Are you Soy Excited (and you just can’t hide it)? We’re not.


There is so much debate over soy: from extremes stating that it’s a magical little bean sure to cure what ails you, to the other side of the fence, which says it’s basically the devil. So today we thought we’d share our take on soy with you.

The health benefits of a particular type of soy bean, Okinawan soy, are incredible. When this research made a big splash in North America, the “Okinawan” part was forgotten, and the health claims were applied to soy across the board. But is the soy we’re eating over here the same thing? Not at all. It’s a different beast all together, and it has the ability to cause a whole lot of problems.

Over 90% of North American soy crops have been genetically modified. What that means for those consuming it, is that the body can no longer recognize GMO soy as a food, and therefore doesn’t know how to properly digest, absorb, and use it.

GMO foods have been linked to numerous health problems, including stunted growth, impaired immune systems, liver problems, allergies, thyroid disorders, kidney stones, cancer, reduced digestive enzymes, higher blood sugar, inflamed lung tissue, and infertility.

In Canada and the U.S., there are no labeling requirements for GMOs. So how do you avoid genetically modified soy, let alone any other GMO food?

Choose organic.

Any certified organic food is not allowed to be genetically modified, and with more than 90% of soy crops being GMO, it’s a pretty safe bet that if it’s not organic, you’re eating GMO soy.

Soy specifically is associated with problems such as thyroid suppression (which can come packaged with goiters, malaise, constipation, and fatigue), breast cancer, an irregular menstrual cycle, infertility and sterility, and temporarily blocked protein absorption. One study has shown testosterone to drop 19% in males who consumed soy every day for one month.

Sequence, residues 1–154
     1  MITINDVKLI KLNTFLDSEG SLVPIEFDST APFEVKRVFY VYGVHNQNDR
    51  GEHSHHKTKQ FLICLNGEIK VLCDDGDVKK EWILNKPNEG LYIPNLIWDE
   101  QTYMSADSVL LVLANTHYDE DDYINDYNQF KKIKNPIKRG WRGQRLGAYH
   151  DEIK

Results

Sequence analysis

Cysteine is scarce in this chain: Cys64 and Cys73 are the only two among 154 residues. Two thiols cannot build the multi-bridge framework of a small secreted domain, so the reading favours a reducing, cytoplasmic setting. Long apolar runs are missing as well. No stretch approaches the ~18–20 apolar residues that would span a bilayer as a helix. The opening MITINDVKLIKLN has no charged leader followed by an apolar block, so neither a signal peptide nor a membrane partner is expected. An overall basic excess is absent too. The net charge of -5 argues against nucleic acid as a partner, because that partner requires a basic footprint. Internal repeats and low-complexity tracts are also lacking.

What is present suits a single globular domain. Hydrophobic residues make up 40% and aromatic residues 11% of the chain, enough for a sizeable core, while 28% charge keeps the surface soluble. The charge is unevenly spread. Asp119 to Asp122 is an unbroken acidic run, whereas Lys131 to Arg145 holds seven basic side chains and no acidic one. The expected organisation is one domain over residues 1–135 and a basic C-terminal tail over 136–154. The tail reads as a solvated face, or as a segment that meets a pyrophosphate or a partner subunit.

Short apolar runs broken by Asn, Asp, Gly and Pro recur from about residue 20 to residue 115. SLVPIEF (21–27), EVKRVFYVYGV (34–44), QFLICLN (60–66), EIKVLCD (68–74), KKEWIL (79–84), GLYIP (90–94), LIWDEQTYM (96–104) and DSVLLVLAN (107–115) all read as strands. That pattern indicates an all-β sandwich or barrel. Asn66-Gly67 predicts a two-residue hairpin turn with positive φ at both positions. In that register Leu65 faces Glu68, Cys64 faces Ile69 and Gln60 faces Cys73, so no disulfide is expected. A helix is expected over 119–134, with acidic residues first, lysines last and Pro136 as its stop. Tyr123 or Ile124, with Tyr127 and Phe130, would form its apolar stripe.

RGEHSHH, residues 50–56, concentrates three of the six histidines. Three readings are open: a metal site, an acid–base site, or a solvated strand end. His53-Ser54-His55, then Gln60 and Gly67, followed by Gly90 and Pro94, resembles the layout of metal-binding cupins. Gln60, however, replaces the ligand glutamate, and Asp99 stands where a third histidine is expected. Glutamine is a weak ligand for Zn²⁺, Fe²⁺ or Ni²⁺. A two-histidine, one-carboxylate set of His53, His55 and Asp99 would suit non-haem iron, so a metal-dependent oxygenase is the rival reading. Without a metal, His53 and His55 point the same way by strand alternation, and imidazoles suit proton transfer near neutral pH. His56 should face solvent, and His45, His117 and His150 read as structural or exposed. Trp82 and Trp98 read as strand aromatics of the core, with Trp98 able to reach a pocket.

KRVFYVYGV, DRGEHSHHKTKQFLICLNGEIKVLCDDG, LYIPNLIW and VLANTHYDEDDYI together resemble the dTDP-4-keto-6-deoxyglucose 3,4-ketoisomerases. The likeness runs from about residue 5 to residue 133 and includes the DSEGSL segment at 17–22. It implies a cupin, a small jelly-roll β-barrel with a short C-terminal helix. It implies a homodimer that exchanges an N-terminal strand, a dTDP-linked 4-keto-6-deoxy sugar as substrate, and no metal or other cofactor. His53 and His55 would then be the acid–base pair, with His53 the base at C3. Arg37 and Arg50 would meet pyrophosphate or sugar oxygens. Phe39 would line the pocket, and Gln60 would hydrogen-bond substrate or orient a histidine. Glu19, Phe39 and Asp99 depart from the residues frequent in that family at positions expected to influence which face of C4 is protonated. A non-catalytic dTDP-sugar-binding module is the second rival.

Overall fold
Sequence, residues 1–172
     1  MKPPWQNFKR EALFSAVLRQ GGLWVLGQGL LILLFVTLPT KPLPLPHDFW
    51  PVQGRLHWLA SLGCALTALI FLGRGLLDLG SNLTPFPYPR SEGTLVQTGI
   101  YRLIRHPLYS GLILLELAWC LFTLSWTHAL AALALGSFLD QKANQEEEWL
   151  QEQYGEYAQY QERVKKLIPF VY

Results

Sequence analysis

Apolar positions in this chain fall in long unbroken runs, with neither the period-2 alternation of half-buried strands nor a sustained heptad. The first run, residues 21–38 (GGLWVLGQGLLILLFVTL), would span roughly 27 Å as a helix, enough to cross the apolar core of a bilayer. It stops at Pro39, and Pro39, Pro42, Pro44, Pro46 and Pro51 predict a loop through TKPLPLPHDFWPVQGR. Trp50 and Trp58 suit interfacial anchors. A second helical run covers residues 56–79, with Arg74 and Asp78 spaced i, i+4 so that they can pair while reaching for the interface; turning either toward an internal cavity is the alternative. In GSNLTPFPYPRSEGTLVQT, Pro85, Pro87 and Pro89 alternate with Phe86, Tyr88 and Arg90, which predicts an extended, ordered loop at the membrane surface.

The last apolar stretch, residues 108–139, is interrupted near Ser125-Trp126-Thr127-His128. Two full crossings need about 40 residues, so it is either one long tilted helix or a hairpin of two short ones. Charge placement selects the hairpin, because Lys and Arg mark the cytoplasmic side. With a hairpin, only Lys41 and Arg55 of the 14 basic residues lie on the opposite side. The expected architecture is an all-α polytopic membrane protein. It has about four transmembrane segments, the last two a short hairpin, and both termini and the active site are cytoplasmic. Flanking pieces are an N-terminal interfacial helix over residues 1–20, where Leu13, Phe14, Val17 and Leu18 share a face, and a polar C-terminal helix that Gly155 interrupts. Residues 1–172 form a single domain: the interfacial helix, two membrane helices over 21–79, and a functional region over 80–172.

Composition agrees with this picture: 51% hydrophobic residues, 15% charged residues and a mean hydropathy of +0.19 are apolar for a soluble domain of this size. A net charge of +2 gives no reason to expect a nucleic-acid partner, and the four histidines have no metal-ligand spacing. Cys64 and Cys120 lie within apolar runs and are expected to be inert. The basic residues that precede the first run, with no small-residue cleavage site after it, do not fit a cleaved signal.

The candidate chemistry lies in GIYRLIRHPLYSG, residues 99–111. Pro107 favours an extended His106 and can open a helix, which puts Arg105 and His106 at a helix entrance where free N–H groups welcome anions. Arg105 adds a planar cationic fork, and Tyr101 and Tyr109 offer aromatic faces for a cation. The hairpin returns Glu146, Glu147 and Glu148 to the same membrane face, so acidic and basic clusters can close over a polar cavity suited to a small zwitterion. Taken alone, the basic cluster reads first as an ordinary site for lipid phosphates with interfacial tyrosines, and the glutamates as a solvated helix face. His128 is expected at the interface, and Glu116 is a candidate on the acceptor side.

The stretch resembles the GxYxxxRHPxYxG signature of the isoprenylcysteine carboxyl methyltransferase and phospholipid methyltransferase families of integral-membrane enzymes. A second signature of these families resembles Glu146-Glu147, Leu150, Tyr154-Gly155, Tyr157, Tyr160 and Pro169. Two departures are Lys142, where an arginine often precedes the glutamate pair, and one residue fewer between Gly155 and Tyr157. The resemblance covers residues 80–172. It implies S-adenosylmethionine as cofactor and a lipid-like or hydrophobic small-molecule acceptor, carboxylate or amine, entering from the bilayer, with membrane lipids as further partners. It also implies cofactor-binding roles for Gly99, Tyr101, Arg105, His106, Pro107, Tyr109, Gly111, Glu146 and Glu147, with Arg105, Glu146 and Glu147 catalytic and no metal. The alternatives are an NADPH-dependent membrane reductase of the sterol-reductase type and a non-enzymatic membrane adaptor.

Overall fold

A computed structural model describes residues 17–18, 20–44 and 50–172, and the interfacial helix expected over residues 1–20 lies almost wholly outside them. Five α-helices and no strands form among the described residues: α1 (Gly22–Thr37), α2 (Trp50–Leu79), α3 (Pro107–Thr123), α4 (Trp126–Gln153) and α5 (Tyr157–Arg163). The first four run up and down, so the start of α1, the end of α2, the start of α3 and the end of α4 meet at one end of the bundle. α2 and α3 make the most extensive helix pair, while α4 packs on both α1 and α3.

Yet another health concern with the soy consumed in North America has to with processing methods. The highly toxic chemical solvent hexane is used to make processed soy ingredients like T.V.P., soy protein isolate and soy protein concentrate, which are used in many processed foods like veggie burgers, protein bars, and soy-based meat amalgams. Hexane is cheap, and readily available, being a byproduct of gasoline refining. Hexane is also a neurotoxin. Like GMOs, there are no labeling requirements for hexane usage in foods, however, hexane is not permitted in organic food production. So the best way to avoid both hexane-extracted soy and genetically modified soy is to only consume organic soy foods.

Various modified soy products are being snuck into all sorts of everyday products, making it hard to avoid unless you are consciously looking for it. The average person probably consumes far more soy than he or she realizes. Here are some not-so-obvious products that may contain soy:

  • Cooking spray, margarine, vegetable shortening, and vegetable oil
  • Chewing gum
  • Soap, toiletries, and cosmetics
  • Canned tuna and minced hams, ex: seasoned or mixed with other ingredients for flavour
  • Beverage mixes, ex: hot chocolate and lemonade
  • Dressings, gravies, and marinades
  • Frozen desserts
  • Meat products with fillers, such as prepared hamburger patties, hotdogs (not just tofu-dogs!), ground meat products, and cold cuts
  • Snack foods, such as soy nuts
  • Seasoning, spices, and MSG (monosodium glutamate)
  • Baking mixes and baked goods